|Book Club of Stanford Raza Alumni, SoCal |
front: Juanita Naranjo, Margie Hernandez, Concepción Valadez.
back: Angelique Flores, Manuel Urrutia, Roberto Cantu, Michael Sedano.
Southern California’s Stanford Latina Latino Alumni Book Club enjoyed the company of Alfredo Véa recently. The club read a pair of Véa’s novels, La Maravilla (1993), and Gods Go Begging (1999). Roberto Cantu, whose friendship with Véa made possible the invitation, joined the group.
Cantu points out that, with The Silver Cloud Café, the trilogy constitutes a Chicano Buddenbrooks, in that the three novels track the career of the Beto character from a boy in Arizona to a criminal defense attorney in San Francisco, haunted by the lawyer’s time at war in Vietnam.
The author was highly engaging in his discussion of those novels, his upcoming work, and answering questions about his process:
Véa doesn’t employ an outline; he goes at the process a todo dar and would be handcuffed if he had to follow an outline. Characters grow out of the writer’s mind and experiences as well as the characters’ own demand to be given life. Exhaustive research is the fundament of all effective writing; a writer has to know what she or he is writing about.
Most obvious in the development of a book is the author’s life. Véa sat at the dining table at Barbara and Michael Sedano’s chante, quietly telling the Stanford alumns of the fear an infantryman experiences as a helicopter descends in the pre-dawn darkness, knowing there’s an ambush waiting.
Rounds pound into the bottom of the huey penetrating into the cabin as the machine approaches the ground; how a soldier in combat can be talking to a friend and in an instant see the man’s face ripped off his head when a bullet finds it.
Véa served in the Americal Division with other raza, with black soldiers, and Okie working-class boys. Daily attacks, vicious fire fights, 30 dead adversaries for each GI KIA marks the US’ bloodiest Division in Vietnam.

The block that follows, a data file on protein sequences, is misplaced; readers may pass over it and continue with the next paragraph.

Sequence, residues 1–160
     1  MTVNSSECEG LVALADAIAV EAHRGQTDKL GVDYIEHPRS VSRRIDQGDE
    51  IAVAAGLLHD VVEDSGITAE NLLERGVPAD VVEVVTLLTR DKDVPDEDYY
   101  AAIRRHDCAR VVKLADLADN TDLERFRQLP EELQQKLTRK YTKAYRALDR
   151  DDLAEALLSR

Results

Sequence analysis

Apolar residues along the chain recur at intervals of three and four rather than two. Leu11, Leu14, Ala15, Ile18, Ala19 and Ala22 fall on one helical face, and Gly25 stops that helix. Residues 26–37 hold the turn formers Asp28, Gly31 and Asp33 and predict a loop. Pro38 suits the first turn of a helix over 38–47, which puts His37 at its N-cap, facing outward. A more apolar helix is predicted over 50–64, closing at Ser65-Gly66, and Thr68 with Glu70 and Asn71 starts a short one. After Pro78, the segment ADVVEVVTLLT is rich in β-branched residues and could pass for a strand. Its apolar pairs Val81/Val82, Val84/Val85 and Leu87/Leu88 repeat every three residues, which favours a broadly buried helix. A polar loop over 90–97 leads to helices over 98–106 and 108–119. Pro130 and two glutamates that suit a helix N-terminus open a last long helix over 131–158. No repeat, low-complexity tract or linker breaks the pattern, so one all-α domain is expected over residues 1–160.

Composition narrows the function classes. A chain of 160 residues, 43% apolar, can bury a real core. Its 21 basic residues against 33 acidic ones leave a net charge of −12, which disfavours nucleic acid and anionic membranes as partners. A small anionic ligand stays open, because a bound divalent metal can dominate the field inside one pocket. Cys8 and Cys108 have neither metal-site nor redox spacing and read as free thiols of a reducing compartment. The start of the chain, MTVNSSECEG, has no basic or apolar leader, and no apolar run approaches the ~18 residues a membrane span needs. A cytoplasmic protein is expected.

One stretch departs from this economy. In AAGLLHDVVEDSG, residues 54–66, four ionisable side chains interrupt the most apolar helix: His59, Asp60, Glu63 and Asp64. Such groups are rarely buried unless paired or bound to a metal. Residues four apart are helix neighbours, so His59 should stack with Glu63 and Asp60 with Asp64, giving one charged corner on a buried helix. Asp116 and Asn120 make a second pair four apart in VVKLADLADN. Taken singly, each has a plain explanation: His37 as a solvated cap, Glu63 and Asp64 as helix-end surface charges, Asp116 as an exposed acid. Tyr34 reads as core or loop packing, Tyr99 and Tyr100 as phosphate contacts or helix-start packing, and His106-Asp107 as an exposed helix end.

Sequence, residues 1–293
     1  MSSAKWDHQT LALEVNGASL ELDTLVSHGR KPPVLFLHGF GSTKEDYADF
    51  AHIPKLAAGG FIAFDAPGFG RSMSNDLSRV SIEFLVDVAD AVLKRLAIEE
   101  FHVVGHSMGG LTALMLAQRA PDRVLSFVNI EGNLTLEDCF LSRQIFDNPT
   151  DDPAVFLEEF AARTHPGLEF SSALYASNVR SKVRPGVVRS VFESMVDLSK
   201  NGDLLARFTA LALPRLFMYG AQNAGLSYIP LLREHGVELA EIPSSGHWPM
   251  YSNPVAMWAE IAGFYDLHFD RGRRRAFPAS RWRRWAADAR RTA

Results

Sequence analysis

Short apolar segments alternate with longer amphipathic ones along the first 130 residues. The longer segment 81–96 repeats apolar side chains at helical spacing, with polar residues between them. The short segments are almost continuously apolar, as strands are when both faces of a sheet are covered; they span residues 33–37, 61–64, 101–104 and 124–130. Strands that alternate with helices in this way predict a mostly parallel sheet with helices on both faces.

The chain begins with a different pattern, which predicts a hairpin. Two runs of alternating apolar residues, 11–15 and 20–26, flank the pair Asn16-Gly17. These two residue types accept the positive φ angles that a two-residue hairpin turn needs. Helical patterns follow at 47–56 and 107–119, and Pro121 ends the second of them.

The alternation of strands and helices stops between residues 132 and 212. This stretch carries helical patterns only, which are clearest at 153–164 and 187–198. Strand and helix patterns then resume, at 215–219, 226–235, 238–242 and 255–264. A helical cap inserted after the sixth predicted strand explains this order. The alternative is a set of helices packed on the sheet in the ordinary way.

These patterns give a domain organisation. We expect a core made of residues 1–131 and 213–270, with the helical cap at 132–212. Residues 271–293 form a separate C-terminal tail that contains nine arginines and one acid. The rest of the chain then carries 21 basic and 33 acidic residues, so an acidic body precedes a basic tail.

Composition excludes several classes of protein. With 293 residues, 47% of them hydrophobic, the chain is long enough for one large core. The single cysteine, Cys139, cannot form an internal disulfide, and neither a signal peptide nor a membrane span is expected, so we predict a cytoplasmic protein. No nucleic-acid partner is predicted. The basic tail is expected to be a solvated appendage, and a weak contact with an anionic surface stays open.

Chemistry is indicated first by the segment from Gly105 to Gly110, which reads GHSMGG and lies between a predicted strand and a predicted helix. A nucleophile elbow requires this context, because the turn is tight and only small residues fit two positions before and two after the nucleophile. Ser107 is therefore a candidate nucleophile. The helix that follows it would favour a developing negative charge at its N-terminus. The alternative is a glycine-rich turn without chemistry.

That 1:30 kill ratio math was unnecessary—we knew then, we know now. The experience sends the author into literary flights of “what if” fiction. What if there was a machine that could rewind events, go back in time to change one small thing? There’s a novel in the notion.
Alfredo Véa’s next novel, Mexican Flyboy, comes to the public March 2016. The Stanford raza alumni barely controlled their enthusiasm at the prospect of reading the author’s newest work. If nothing changes in the current timeline, the group looks forward to inviting Mr. Véa back for another spirited, and at times raucous, tertullia.
Southern California Stanford raza alumni who enjoy reading Latina Latino writers and discussing same while sipping fine wines and enjoying good chow, and who want to learn more about the book club’s activities, click here.
News & Notes
San Marcos TX
Tomás Rivera Award At Twenty
Daniel Guerrero, Mayor of San Marcos, Texas issued a proclamation designating September 26, 2015 as Tomás Rivera Children's Book Award Day. Per the organizers, the proclamation reflects a collaboration between The City of San Marcos, Texas State University, San Marcos CISD, Texas AFT, and the Tomás Rivera Children's Book Award--working together to make a spectacular 20th anniversary celebration of the book award.
The conference will be on September 25 and registration closed because it filled to capacity.
The fair is September 26 and is free and open--so everyone come to the San Marcos Public Library and the San Marcos Activity Center from 10:00am--3:00pm on that Saturday.
The organizers urge gente to arrive early and join the parade! There will be a parking shuttle at the Coliseum Lot on Aquarena and Charles Austin streets.
Sor Juana All Month Long and Then Some
As September's song approaches its final coda, two months remain in Chicagoland's ongoing celebration of the American genius poet, scholar, imagined larger-than-life figure, Sor Juana Inés de la Cruz.
Visit the festival's website to select interesting activities from a large menu of choices.